28 March 2014

The Dark Knight

Here is my last paper... it's an analysis essay on the use of computer graphics imagery (CGI) in The Dark Knight.




The Dark Knight
           
            From talkies to Technicolor, change has been part of the film industry.  However, it is now dealing with something like never before: computer animation.  For years companies such as Disney, Warner Bros., and Universal have tried to outdo each other in making the best use of computer animation in their movies.  Although computer graphics can be useful, Hollywood has been known to overuse them.  Many times famous moviemakers think computer graphics are the leading way to capture the viewers.  They also seem to believe that their audience cannot tell the difference between computer graphics animation and raw filming.  Nevertheless, when computer graphic animation is overused, the end result is an unsatisfied audience.  Although computer graphics have created spectacular movies, they are also able to put a sense of unreality into the film.  In Christopher Nolan’s The Dark Knight computer graphic animation as well as green screen software could have been an ideal option.  However, Nolan chose to use real footage whenever possible. 
            Nolan’s preferences in the film industry have made him one of the greatest producers of all time.  When Jeffrey Ressner interviewed him Nolan stated:
I believe in an absolute difference between animation and photography… If you put a lot of time and effort into matching your original film elements [to the CGI, you] can really trick the eye.  The problem for me is if you don’t [base the shot with camera footage] the visual effect is going to stick out if the film you’re making… I prefer films that feel more like real life, so any CGI has to be very carefully handled to fit into that.
Nolan’s films are set apart from most action adventure movies because of his realistic view.  It is surprising that in The Dark Knight Nolan still only used CGI as a last option.  In fact, in one scene (when The Joker is chasing Dent and Batman comes and crashes into a garbage truck) he used large-scale miniatures of the garbage truck and the bat mobile, instead of using CGI.  That is proof of his whole-hearted dedication to style.       
            Since green-screen software and CGI are barely used in The Dark Knight, there is a clearer, more realistic picture that is present.  However, there were a couple occasions where Nolan was forced to use CGI in his film.  Renee Dunlop gives an example of this in her article titled The Dark Knight, “the Jokers’ henchmen ensnare the police helicopter as it pursues the Joker’s semi-truck… ‘though Chicago was very happy to let us do all sorts of crazy things in the street, they weren’t that keen on us crashing a helicopter into a building.’”  Instead, Nolan morphed footage of the helicopter with the CGI helicopter crashing into a building, which was part of a green screen background.  Nolan was able to make an amazing scene by merging his standard techniques with that of CGI.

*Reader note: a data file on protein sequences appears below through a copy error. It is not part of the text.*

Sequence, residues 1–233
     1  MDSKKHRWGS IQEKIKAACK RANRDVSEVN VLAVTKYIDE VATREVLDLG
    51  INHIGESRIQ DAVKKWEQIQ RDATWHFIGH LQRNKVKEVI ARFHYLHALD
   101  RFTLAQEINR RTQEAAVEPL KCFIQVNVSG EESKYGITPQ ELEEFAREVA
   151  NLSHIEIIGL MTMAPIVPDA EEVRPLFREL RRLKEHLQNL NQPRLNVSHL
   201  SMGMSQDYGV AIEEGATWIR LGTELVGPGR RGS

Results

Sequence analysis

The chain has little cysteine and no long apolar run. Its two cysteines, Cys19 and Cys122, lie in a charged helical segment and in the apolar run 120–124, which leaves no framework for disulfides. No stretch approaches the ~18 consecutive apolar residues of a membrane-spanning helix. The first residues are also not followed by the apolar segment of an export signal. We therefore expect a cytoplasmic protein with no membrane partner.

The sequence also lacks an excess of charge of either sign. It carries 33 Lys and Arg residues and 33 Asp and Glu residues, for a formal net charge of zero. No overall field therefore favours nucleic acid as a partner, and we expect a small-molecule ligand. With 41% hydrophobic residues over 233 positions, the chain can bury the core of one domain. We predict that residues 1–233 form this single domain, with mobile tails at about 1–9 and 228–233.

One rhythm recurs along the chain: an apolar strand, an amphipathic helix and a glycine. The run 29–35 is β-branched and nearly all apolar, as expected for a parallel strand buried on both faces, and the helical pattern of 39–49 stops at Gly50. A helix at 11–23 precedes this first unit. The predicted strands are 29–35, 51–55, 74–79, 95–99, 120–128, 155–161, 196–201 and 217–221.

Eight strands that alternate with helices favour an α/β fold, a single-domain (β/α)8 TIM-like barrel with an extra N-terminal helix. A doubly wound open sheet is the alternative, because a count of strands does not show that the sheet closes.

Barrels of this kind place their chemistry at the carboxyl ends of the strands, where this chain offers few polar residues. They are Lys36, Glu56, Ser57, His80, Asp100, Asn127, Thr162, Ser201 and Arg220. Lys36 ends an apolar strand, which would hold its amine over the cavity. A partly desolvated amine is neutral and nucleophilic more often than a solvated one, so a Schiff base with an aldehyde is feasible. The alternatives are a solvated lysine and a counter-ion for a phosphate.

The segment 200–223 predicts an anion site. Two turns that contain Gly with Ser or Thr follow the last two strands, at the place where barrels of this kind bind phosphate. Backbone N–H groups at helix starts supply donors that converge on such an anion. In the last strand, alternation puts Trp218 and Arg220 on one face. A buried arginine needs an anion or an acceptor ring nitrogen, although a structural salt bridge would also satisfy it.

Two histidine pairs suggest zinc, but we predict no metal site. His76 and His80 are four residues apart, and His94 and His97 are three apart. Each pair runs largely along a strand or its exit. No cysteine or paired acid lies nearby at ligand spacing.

During the making of The Dark Knight, Nolan decided that in order to have a convincing Two-Face, he needed to use CGI.  This was a smart decision considering that his other options (either makeup or a mask) could have made the movie flop.  By using CGI, Nolan was able to create a realistic version of DC comic’s surreal character, Two-Face.  
            The Dark Knight had a noticeably large effect on its audience.  Nolan decidedly used everything in his power to make the film as realistic as he could.  By using very little CGI and green screen, he created an effect that is almost bewildering.  An image of a childhood comic brought to life.  This life helps to define the battle that takes place between good versus evil as well as the characters inner struggles.  By incorporating different lighting as well as background, Nolan was able to enhance the sacrifice Batman made to shift Gotham’s hatred from its White Knight to The Dark Knight. 

Works Cited
Brown, Scott. "Dark Knight Director Shuns Digital Effects For the Real Thing." Wired.com.
           Conde Nast Digital, 23 June 2008. Web. 14 Mar. 2014.
Dunlop, Renee. "The Dark Knight." The CGSociety. The CGSociety, n.d. Web. 15 Mar. 2014.
Miller, Gerri. "Inside 'The Dark Knight'" HowStuffWorks. HowStuffWorks, Inc., 16 July 2008.
           Web. 14 Mar. 2014.
Ressner, Jeffrey. "The Traditionalist - DGA Interview with Christopher Nolan." The

Traditionalist - DGA Interview with Christopher Nolan. The Director's Guild of America, Spring 2012. Web. 15 Mar. 2014.

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